Improving Island Sustainability and Climate Resiliency through Women’s Essential Work
In another city in the Philippines, Puerto Princesa in Palawan, women waste collectors are working to collect community waste and prevent it from leaking into and damaging vital ecosystems, like mangroves, that help mitigate climate change. Women make up over half of the 15-20 million informal waste collectors that manage daily global waste. In rapidly urbanizing low and middle-income countries, informal women waste collectors are essential to the system of waste collection, supplementing limited or non-existent formal waste services.
In Puerto Princesa, women waste collectors are starting to be recognized as revered “Eco-Warriors,” because of their work to prevent uncollected and mismanaged waste from leaking into the environment. Across the Philippines, an average of 55 percent of waste goes uncollected. The Eco-Warriors’ work to collect waste protects mangroves, which are important sources of carbon sequestration, coastline stability, and are protectors against storm surges.
Their work not only helps mitigate the climate crisis, but also reduces other harmful impacts like increased rates of dengue and other vector borne diseases that can result from waste-clogged city drainage systems.
Together, Puerto Princesa’s Eco-Warriors gather over 3,000 pieces of recyclable plastic per week from waste bins and neighborhood streets. In the past, they have done so with limited resources and few tools or safety protections, risking their health as they perform intense physical work. Now, however, USAID, through its grantee Project Zacchaeus, is engaging with and raising awareness of the critical contributions of this women-led sector––as vital to the community and the environment. With USAID support, the Eco-Warriors are engaging in a number of activities that build skills, foster leadership, enable empowerment, and increase safety protections and livelihood opportunities, while improving community waste services for reduced plastic pollution.
About USAID Clean Cities, Blue Ocean
Clean Cities, Blue Ocean is USAID’s flagship program to address ocean plastic pollution. The program aims to strengthen waste management systems in priority urban areas throughout the world. From Southeast Asia to Latin America, the program elevates the vital role of women in urban waste management systems.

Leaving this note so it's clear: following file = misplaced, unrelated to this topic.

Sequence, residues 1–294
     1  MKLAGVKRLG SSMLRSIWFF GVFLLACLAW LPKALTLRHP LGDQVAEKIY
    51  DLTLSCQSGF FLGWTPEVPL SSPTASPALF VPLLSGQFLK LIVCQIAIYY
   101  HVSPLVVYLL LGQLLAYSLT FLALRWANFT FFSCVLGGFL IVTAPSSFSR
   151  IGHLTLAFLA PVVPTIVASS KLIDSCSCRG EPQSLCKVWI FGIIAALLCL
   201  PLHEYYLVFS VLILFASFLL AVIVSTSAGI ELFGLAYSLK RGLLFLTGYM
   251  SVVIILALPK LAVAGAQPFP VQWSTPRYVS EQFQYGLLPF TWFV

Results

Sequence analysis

Despite their importance in waste collection systems, women are often undervalued and face challenges unmatched by their male peers, with more limited opportunities to generate income and access comparable employment options. In response, Clean Cities, Blue Ocean is working globally to support, empower, and expand opportunities for women in the waste sector and in communities as local agents of change. This work promotes gender equality and builds robust and resilient waste systems that are able to keep pace with growing urban populations while reducing environmental impacts. Together with local organizations, grantees, and women workers themselves, USAID is reimagining urban waste systems and challenging gender and sectoral norms.
To learn more about CCBO and its women’s empowerment initiatives, please visit www.urban-links.org/ccbo.
Georgia Hartman is a Technical Advisor for Gender and Environment in USAID’s Bureau for Development, Democracy, and Innovation
Melinda Donnelly is the Director of Program Coordination, External Affairs, and Communications for Clean Cities, Blue Ocean.
Editorial support was provided by Clean Cities, Blue Ocean Communications Specialist, Meg Chandler.